The Vatican’s Secretary of State attempted to tamp down controversy Thursday over a Vatican diplomatic communication to Italy, saying the Holy See was not trying to block passage of a law that would extend additional protections from discrimination to the LGBT community.
Cardinal Pietro Parolin, the Vatican’s No. 2, told Vatican News that he personally approved the diplomatic communication, which was intended to express concerns over the proposed Italian legislation. The Vatican is against any “attitude or gesture of intolerance or hatred toward people motivated by sexual orientations,” he added.
The chief concern, Parolin said, is that “vagaries” in the text of the proposed law could expose anyone expressing an opinion about “any possible distinction between man and woman” to prosecution.
The letter, which has been published by Italian media, claims specifically that the law would violate a landmark treaty establishing diplomatic ties between Italy and the Vatican by putting at risk the right of Roman Catholics to freely express themselves. It cited as an example a clause that would require Catholic schools, along with their public counterparts, to run activities on a designated day against homophobia and transphobia.
The law would add women, people who are homosexual, transsexual or with disabilities, to those protected by a law banning discrimination and punishing hate crimes. The lower house of parliament passed the legislation in November, but it has been stalled in the Senate by right-wing concerns that it would limit freedom of expression.
Right-wing leader Matteo Salvini, for example, has complained that anyone saying that a family is formed with a man and a woman would be exposed to possible prosecution.
Backers of the law have dismissed such concerns, saying that the threshold for prosecution is inciting hatred or violence against the protected classes.
Premier Mario Draghi on Wednesday rebuffed the Vatican’s attempt at influencing the legislative process, telling parliament: “Italy is a secular state.”
But the controversy has ignited outrage over Vatican meddling, with many calling for the cancellation of the so-called Lateran Treaty, originally established under fascism and revised in the 1980s, establishing diplomatic ties between the Vatican and predominantly Roman Catholic Italy.
LGBT activists have vowed to transform Gay Pride events in Rome and Milan on Saturday into protests against what they say is the Vatican’s unprecedented interference in the Italian legislative process.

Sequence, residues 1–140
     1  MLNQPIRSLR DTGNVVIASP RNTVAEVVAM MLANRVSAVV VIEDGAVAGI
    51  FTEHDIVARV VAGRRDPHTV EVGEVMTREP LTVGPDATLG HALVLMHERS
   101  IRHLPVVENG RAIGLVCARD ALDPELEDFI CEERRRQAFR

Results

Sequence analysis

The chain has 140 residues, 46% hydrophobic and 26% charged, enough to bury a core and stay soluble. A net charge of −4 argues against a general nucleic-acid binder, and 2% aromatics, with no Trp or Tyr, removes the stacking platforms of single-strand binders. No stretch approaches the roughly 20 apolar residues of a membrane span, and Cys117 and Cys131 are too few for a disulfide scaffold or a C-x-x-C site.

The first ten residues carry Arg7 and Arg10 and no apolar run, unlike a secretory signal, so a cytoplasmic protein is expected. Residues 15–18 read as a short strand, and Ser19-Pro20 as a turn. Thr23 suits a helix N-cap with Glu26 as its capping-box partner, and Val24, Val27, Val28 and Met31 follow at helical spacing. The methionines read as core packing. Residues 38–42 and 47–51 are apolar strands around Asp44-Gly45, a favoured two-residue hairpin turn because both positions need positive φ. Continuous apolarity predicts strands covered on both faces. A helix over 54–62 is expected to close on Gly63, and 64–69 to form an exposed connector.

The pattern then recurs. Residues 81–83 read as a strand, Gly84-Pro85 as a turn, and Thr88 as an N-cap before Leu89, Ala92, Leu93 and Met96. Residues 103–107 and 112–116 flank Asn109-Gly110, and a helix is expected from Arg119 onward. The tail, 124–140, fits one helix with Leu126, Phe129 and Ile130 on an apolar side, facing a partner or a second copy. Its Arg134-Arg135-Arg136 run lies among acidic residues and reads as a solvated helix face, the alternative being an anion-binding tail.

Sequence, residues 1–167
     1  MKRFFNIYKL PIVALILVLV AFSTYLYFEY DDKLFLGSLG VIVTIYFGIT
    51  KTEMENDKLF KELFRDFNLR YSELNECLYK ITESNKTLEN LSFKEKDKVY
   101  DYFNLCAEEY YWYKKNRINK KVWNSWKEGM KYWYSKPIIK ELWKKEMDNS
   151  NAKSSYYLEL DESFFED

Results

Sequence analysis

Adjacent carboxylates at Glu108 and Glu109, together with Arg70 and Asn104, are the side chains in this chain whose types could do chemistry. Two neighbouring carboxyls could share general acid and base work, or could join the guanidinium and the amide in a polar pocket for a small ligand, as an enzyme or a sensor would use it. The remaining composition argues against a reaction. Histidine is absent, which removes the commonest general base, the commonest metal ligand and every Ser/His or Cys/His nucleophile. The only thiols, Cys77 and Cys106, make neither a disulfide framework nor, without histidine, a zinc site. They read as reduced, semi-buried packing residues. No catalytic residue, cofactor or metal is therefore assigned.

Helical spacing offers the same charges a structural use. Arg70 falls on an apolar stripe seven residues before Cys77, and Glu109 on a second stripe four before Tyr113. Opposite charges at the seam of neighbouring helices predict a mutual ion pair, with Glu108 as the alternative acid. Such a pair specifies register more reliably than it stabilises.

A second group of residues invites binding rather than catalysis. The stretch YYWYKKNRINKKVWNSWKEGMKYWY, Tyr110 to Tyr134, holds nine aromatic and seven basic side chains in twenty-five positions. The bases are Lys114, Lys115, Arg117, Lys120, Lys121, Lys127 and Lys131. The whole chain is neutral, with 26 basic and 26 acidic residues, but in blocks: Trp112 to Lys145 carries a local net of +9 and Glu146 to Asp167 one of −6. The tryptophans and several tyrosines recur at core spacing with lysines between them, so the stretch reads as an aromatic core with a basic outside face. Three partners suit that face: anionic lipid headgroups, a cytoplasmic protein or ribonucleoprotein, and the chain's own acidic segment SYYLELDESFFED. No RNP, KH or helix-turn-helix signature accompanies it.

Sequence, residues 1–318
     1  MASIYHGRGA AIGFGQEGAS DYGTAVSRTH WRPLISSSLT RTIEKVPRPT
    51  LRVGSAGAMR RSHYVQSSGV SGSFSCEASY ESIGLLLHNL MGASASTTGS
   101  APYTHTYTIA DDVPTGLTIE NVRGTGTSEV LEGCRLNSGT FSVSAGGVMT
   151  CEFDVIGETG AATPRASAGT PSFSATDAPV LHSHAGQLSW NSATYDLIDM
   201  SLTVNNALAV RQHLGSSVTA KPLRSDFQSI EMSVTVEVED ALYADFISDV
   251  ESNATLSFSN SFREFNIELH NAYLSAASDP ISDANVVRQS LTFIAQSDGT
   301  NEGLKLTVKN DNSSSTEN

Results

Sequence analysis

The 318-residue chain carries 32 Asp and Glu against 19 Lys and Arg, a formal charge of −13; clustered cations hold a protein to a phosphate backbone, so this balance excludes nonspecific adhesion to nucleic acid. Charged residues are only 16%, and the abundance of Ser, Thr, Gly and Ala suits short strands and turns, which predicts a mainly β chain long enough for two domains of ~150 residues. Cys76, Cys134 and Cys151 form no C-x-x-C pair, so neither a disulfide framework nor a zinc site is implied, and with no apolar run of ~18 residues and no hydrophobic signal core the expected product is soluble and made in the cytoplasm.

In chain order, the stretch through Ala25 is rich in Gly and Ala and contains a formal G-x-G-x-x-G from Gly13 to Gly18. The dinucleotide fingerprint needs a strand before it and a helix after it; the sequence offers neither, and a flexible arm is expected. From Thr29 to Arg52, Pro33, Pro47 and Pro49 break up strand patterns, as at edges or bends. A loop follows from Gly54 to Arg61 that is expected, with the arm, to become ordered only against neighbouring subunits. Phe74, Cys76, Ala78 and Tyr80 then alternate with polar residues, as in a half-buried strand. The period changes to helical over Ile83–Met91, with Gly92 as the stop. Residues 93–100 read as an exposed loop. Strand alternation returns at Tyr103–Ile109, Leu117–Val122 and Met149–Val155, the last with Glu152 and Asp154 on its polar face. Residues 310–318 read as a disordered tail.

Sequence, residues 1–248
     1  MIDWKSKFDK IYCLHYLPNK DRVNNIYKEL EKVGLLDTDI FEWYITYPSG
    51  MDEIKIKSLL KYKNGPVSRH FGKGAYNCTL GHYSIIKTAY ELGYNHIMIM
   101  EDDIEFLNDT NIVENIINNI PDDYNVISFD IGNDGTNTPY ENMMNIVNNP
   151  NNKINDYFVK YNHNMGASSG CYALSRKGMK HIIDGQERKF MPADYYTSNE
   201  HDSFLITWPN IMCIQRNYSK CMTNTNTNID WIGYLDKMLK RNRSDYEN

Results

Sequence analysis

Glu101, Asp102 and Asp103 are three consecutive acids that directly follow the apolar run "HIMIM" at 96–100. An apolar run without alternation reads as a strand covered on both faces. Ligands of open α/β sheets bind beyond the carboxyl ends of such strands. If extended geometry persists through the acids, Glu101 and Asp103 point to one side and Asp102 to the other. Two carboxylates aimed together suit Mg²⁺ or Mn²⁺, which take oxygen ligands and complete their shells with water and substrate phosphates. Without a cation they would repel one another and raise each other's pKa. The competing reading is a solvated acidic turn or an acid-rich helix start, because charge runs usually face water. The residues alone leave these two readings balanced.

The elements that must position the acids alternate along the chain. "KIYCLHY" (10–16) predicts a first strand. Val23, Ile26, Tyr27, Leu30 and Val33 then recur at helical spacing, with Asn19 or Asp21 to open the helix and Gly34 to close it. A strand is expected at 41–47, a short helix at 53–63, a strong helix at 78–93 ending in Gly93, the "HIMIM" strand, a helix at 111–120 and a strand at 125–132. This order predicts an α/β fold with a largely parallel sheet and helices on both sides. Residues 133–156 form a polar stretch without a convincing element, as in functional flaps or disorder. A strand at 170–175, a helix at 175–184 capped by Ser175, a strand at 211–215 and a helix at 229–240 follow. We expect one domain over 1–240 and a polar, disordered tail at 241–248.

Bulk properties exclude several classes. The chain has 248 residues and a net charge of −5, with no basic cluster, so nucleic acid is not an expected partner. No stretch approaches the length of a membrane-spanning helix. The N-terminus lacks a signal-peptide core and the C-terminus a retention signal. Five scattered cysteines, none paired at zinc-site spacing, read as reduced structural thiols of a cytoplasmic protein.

In decades past, the Vatican objected to Italian laws legalizing abortion and divorce and backed unsuccessful referendums after the fact to try to repeal them.
A CORK priest has written to Bishops asking that a conversation be held in the Irish Catholic Church about a sensitive and pastoral outreach to gay Catholics.
Fr Tim Hazelwood, who is the parish priest of Killeagh, is one of four signatories to the letter sent by the Association of Catholic Priests.
It follows the publication of a document in March by the Congregation for the Doctrine of the Faith which said Catholic clergy cannot bless same-sex unions because God “cannot bless sin.”
Letter to bishops
In the letter, the priests said the need for the conversation “has been underlined recently by the insensitive and unnecessary intervention by the Congregation for the Doctrine of the Faith (CDF) that has brought such pain and distress to gay women and men, to their families and friends.”
It said that “the content, language and judgemental tone of the CDF’s statement reflect an increasingly out of touch and uncaring Church and exactly the kind of attitude that provokes more and more Catholics into walking away from our Church.
“Messages we have received from gay people and family members spoke of the hurt and anger they are made to feel and they write of the struggle they have remaining part of the church. Only one Irish Bishop had the courage to respond to the CDF statement and his words were deeply appreciated.”
The letter continued: “More worryingly, the CDF intervention runs counter to ‘the synodal path’ that Francis has told us is God’s way of being Church in the future and which the Irish Bishops have recently endorsed through their commitment to move the Irish Church along that pathway in preparation for a national synodal event within the next five years.”